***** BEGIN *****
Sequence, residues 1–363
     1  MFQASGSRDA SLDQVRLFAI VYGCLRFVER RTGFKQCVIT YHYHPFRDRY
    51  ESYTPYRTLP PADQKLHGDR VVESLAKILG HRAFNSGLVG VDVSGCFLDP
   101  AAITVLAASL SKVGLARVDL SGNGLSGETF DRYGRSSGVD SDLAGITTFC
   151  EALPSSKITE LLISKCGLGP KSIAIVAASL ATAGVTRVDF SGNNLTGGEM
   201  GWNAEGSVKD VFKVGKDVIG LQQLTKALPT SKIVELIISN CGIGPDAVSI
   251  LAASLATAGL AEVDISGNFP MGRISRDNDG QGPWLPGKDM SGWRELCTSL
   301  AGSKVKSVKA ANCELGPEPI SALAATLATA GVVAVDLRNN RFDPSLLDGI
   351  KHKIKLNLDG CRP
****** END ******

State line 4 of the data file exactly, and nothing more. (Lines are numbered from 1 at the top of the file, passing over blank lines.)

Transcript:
   101  AAITVLAASL SKVGLARVDL SGNGLSGETF DRYGRSSGVD SDLAGITTFC